If you are your associationís media expert, chances are your
organizationís meeting planner is coming to you for ideas on how to use
technology to boost the attendee experience. Here are some new technologies you
need to stay on top of for 2014.
By Corbin Ball
These are exciting times. The rate of technology change is
accelerating with thousands of ideas, apps, and innovations bubbling up to help
meeting planners, exhibitors, venues, and others do their jobs better. This
annual review covers many of the major event tech trends to watch for this
1. Crowdsourcing and crowd sharing will be more widely used for
events. Crowdsourcing is the process of obtaining services, ideas, answers, or
content from a large group of people (typically an online community) rather than
from traditional suppliers.A range of crowdsourcing tools are emerging
for sharing, funding, voting, and much more. Benefits include lower costs,
greater choice, and better input Ė all of which can be used in a variety of
ways for your events.
This will change the way meeting participants get sleeping
rooms, share travel, co-create event content (panelpicker.sxsw.com,
stereopill.com), review events, and fund/promote events. Additionally, mobile audience polling devices can be used
during an event for insight capture, market research, and real-time feedback to
assist in making strategic decision making or developing content.
2. Wearable/ultra-portable computing will work its way into
events. Technology has developed in 10-year cycles: The 1960 was mainframe
computing; 1970s was mini-computing; 1980s was personal computing; 1990s was
desktop internet computing; and the 2000s is mobile internet computing. This
decade may turn out to be the decade of wearable/everywhere computing.
Computers are popping up in our cars, our home appliances, and soon on our
Google Glass has a wide range of smart watches and bracelets in the works, and more will
assist us with navigation, networking, and augmented reality. Although part of
a larger societal trend, this will impact events and tradeshows in the next few
years as attendees literally embody these devices to assist them at events. The
opportunities include a mini-teleprompter for speakers, for note taking,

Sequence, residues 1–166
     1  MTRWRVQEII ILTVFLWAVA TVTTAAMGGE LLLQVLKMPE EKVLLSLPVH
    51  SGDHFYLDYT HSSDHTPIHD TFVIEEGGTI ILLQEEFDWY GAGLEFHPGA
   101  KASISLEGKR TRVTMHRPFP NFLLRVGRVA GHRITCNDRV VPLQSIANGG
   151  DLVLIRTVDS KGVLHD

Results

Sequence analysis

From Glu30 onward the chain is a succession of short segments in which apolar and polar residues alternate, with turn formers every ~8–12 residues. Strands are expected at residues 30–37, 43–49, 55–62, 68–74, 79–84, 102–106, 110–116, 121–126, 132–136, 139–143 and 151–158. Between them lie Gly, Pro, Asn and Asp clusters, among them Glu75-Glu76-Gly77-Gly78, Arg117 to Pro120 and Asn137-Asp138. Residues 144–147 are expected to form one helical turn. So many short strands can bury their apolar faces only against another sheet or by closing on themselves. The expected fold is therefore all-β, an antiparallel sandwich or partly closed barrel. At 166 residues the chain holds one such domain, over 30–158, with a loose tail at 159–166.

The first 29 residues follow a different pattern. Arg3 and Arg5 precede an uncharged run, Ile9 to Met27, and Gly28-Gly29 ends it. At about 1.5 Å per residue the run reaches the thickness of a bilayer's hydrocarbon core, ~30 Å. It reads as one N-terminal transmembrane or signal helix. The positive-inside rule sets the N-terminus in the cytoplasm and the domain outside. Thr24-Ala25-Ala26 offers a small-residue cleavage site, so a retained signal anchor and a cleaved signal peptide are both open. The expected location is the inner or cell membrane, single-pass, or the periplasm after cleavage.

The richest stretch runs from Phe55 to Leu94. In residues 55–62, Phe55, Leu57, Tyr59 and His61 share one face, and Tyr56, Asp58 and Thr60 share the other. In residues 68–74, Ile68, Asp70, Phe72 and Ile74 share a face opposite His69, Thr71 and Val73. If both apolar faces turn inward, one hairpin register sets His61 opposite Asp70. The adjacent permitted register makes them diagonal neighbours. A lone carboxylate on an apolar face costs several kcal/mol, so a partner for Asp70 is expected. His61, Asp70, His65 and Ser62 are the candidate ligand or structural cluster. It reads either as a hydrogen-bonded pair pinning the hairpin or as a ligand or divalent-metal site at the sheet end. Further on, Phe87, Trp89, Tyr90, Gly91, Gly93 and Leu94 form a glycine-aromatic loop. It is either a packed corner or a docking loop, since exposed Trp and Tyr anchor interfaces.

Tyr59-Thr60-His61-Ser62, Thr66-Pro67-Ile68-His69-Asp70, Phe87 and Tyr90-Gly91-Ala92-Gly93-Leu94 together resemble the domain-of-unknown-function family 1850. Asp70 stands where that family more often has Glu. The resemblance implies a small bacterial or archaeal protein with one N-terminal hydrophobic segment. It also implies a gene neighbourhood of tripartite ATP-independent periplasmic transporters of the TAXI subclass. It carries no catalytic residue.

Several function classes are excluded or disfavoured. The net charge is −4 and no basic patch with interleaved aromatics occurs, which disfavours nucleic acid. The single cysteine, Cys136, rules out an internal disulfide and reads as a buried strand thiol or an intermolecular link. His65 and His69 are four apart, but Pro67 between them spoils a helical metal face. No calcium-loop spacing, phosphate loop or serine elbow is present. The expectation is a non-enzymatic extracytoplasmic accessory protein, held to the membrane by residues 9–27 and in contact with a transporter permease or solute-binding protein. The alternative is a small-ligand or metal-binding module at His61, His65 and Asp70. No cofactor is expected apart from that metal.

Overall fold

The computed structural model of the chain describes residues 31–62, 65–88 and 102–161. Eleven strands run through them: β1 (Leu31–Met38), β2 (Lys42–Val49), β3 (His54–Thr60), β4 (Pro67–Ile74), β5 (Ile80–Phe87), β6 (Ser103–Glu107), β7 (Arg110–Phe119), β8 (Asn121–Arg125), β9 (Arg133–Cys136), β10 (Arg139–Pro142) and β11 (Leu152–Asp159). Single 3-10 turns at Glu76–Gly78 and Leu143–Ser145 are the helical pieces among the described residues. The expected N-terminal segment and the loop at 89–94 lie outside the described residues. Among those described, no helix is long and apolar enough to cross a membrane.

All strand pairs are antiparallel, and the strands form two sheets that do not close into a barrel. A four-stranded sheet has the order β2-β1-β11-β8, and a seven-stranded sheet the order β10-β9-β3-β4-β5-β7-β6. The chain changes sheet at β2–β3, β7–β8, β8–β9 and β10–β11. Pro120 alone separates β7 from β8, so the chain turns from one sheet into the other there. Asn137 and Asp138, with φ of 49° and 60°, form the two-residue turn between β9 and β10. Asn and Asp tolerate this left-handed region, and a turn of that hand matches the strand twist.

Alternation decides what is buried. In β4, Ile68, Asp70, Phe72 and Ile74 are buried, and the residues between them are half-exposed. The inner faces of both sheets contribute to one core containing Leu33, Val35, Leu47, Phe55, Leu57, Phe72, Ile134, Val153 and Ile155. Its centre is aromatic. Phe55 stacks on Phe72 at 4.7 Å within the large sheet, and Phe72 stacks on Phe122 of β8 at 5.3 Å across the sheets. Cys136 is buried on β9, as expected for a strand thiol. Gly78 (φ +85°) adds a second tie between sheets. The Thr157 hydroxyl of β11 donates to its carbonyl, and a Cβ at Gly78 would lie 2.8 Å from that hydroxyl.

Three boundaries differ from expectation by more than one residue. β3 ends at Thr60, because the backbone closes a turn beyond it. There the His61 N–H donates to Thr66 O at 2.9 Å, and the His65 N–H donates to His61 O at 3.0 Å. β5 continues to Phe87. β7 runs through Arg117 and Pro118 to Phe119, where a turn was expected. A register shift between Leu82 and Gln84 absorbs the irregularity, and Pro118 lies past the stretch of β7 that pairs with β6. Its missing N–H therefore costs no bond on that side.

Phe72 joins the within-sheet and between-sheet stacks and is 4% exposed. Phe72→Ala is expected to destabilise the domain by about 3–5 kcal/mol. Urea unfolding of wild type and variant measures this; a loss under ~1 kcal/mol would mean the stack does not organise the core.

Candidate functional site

polling, video-conferencing,virtual site inspections,and much more.
Face recognition could remind you of the name of a colleague. Way-finding
through a facility or exhibition hall, appointment reminders, and more are all
3. Conference event guide apps are becoming essential. Two
years ago, I made the prediction that in two years, participants will expect a
conference guide app for your event. Today, there nearly 100 conference event
guide app providers with a wide range of options from free to $50,000, from a quick, simple
do-it-yourself app to a highly branded experience, and from HTML5 to native apps.
These apps provide a richer conference experience, including polling,
customizable agendas, gaming, video, contact exchange, social media
integration, analytics, and more. If you donít have an app for your event, you
are behind the times.
4. Multi-event app platforms will be used widely for larger
corporations and associations. In the early days of event app development (two
years ago), the only option was to have a unique, customized app built for each
event. Now, there are many event hosts that run dozens, hundreds, or even
thousands of events each year. Building individual apps for dozens or more
events each year is simply too costly, labor intensive, and time consuming for
most event hosts. Consequently, many app developers are starting to offer
multi-event, "enterpriseĒ apps to meet this need.
Typically, these products are a platform. A master app